Making a difference
With the 2013 local elections fast approaching, people are beginning to ask whether I would run for any elective position. Unfortunately, I do not have a definite answer for all them. This is simply because I do not have a definite answer to the same question for myself either.
But I am certain that the desire to serve and make a substantial difference in the lives of my countrymen has and will always be with me, public servant or not.
Perhaps, this desire is innate. A hereditary trait I got from my parents.
As far as I can remember, I have been involved in fighting not only for my rights but for the rights of others as well when I was in high school in the University of the Philippines, Cebu. I was the chairman of UP High School Student Council and I was heavily involved in opposing the closure of UP Cebu High School.
At the University of San Carlos, I joined the Student Alliance for Nationalism and Democracy (STAND) and soon became president of the USC Student Council.
When I was in law school in the University of the Philippines, Diliman, I joined an exclusive UP fraternity, Alpha Sigma, which means Alay sa Sambayanan. In those days, Alpha Sigma was synonymous to UP activism. It was during these years that I continued the advocacy of fighting for people’s basic rights in a democratic world such as the freedom of expression and the freedom to lead good lives.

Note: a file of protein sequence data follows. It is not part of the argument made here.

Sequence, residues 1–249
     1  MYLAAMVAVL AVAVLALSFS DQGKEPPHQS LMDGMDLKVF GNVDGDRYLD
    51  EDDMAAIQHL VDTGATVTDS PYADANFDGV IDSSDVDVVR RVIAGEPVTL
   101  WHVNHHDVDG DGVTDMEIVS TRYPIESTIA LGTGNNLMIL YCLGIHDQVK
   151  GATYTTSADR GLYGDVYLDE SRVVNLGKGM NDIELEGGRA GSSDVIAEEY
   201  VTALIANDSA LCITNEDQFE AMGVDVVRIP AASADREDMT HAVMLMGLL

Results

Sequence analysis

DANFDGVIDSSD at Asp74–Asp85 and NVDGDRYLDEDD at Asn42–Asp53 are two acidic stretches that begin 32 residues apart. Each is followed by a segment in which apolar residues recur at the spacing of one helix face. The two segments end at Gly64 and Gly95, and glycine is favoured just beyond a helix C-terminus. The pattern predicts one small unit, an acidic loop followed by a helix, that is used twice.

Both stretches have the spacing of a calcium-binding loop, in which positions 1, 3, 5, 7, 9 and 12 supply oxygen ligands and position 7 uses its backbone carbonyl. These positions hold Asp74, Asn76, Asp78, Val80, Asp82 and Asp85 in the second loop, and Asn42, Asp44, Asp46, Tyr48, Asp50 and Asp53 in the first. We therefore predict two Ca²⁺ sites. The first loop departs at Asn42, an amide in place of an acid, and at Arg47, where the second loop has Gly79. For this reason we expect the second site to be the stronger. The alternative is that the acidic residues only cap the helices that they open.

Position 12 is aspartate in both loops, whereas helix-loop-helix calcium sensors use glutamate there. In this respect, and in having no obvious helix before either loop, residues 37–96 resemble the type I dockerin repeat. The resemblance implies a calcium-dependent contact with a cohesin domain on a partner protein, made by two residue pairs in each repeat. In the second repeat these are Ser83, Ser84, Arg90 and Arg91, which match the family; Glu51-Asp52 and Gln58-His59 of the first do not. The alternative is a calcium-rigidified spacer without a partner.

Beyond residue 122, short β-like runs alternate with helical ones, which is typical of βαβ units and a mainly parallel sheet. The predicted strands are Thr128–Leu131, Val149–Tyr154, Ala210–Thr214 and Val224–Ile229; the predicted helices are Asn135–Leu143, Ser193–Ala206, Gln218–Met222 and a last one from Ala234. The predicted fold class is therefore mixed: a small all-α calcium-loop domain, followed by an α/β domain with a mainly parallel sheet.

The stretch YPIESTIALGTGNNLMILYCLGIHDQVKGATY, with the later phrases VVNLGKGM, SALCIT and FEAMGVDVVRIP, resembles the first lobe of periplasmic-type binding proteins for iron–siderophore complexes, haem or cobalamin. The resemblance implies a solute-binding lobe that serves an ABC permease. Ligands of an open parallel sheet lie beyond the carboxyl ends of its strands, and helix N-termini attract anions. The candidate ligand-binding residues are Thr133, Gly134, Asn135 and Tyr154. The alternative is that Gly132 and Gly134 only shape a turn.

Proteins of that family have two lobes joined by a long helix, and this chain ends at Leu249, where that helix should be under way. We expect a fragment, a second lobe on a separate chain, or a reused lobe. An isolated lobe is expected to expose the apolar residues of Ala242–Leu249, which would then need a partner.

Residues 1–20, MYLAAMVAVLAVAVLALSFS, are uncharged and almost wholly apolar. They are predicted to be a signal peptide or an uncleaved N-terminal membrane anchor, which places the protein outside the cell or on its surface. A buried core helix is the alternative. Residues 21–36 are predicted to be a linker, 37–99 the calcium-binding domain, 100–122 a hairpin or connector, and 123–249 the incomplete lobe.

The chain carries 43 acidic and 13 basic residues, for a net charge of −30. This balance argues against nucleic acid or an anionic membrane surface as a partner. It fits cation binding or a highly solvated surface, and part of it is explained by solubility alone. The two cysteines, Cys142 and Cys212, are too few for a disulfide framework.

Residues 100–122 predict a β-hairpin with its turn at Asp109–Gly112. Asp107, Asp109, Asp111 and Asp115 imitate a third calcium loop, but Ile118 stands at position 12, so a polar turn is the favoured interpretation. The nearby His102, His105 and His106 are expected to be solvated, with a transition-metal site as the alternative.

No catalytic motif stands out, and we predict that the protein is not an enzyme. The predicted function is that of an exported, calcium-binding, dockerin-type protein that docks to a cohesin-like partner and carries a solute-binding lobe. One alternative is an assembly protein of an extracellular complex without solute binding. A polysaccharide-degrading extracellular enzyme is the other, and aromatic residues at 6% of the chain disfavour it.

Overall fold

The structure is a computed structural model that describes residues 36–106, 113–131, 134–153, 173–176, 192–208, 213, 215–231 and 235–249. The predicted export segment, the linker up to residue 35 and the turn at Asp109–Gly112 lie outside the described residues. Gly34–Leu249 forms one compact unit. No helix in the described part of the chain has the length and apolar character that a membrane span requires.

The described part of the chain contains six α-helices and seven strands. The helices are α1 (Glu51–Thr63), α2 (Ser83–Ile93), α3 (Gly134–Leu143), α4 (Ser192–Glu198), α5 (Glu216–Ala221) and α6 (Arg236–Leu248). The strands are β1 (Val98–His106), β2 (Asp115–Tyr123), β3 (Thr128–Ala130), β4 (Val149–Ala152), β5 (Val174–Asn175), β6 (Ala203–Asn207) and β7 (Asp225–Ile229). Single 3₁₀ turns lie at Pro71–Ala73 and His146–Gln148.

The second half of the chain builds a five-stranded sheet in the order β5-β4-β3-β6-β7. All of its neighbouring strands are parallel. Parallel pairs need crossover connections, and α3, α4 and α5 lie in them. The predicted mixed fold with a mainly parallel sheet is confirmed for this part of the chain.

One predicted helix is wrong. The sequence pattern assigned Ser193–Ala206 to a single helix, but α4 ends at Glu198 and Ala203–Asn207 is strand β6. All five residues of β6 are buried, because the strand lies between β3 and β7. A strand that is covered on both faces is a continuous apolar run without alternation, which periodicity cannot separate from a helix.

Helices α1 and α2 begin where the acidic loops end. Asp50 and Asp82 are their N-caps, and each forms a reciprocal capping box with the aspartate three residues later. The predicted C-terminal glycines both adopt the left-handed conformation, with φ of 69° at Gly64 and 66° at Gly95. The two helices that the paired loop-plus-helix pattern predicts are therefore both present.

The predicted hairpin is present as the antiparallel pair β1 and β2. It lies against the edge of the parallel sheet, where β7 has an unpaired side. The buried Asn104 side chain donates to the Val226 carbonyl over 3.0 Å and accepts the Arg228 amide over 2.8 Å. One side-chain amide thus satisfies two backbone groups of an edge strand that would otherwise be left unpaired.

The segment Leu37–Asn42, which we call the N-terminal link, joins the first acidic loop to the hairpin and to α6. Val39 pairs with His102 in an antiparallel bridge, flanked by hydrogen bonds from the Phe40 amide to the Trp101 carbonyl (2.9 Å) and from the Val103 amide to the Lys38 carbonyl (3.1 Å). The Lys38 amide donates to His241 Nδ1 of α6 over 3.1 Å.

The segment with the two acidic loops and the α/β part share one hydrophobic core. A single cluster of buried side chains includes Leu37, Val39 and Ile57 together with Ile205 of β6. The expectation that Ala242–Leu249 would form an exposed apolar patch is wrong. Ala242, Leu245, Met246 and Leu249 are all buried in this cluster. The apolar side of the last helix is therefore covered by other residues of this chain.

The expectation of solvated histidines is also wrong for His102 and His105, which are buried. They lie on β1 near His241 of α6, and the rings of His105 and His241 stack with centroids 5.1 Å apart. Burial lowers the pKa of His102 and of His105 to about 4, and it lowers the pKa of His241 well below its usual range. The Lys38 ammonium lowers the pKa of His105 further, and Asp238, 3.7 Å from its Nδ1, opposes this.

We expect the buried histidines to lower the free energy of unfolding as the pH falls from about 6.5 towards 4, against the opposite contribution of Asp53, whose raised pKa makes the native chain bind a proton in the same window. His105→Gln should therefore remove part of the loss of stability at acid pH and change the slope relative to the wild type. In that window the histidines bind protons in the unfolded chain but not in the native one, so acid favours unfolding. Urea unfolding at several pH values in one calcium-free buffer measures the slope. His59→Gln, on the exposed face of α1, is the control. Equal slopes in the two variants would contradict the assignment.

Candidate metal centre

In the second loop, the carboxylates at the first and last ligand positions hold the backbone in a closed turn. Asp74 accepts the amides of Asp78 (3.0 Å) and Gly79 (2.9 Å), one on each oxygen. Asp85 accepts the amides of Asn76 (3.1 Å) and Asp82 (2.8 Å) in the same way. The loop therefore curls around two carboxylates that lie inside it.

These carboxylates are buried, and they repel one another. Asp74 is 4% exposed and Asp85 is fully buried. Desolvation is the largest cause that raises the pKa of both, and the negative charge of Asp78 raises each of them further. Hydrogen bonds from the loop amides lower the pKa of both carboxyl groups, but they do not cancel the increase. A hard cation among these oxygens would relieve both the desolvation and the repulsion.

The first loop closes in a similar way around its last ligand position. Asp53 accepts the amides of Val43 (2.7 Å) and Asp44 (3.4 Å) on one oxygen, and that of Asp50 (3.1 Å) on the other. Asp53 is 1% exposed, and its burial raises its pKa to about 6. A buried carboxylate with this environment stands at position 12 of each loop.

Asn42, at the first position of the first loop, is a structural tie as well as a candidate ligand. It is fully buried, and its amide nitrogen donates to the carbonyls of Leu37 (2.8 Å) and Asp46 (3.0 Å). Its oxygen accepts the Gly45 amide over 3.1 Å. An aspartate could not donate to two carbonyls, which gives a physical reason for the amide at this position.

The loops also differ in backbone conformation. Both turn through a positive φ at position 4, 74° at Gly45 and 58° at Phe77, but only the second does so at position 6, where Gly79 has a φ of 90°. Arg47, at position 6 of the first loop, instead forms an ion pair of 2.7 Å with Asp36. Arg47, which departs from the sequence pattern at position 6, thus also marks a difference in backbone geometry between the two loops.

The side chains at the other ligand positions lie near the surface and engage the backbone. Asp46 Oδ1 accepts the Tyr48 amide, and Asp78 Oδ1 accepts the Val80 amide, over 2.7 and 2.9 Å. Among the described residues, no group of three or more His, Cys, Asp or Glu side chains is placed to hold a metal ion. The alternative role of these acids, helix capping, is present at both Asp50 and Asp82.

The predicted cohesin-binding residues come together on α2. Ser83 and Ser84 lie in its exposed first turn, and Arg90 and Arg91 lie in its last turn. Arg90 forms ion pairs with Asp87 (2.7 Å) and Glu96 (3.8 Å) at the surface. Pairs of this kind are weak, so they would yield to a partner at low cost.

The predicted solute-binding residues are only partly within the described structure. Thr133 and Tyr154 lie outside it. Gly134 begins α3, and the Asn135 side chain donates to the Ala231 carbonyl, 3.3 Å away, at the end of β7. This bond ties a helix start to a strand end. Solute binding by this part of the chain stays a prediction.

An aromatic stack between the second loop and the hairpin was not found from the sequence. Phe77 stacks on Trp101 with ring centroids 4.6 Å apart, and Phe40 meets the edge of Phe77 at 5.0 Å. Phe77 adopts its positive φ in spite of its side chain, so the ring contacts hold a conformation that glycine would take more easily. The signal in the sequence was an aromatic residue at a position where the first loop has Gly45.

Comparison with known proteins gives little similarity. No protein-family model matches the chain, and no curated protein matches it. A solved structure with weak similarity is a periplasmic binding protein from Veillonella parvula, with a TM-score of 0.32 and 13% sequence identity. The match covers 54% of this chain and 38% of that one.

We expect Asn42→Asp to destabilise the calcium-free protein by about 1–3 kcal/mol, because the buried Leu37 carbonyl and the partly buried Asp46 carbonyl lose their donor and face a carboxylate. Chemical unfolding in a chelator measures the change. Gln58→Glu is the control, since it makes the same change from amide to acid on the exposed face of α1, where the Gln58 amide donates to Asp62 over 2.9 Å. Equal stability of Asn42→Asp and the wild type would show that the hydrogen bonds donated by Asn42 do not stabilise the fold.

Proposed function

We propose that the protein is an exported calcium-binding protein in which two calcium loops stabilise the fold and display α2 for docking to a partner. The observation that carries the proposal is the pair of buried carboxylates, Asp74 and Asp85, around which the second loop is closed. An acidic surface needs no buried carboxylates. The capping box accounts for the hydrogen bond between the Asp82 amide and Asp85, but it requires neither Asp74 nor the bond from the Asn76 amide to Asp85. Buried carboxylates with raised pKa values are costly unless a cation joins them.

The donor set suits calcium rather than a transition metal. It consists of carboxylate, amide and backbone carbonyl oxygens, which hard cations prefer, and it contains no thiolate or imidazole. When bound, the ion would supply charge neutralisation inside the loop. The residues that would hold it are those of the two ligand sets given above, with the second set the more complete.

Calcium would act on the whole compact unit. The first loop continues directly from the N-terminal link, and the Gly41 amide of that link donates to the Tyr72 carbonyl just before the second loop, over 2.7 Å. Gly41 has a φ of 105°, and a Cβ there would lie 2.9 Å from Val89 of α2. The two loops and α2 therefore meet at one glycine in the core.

I guess I can’t take away the habit of taking on the fight of the oppressed—both economically and politically—because after I graduated law school in UP Diliman and was gradually on my way to a stable and lucrative career in the US, I opted to go back to my country and be a true-blooded Filipino.
After law school in UP Diliman, I proceeded to study in Harvard Law School with the purpose of building my career and staying in the US for good. Although I was really uneasy from the beginning and I have always felt that I will not stay long there.
I was already successfully practicing as a visiting foreign attorney when things changed in 1995. It was a turning point in my life. It was the year when the Philippines was experiencing a water crisis. It was featured in CNN almost every day—people lining up just to be able to get a gallon or two of water.
The thought just came one day. I said to myself, what am I doing here? Why am I here, experiencing the perks of a first world country when I belong to a third world country? I should be in my country and be with my countrymen. I may not be able to do so much but at least, I get to contribute.
So that was the turning point. I decided to leave my career in the US and return to the Philippines to continue my advocacy.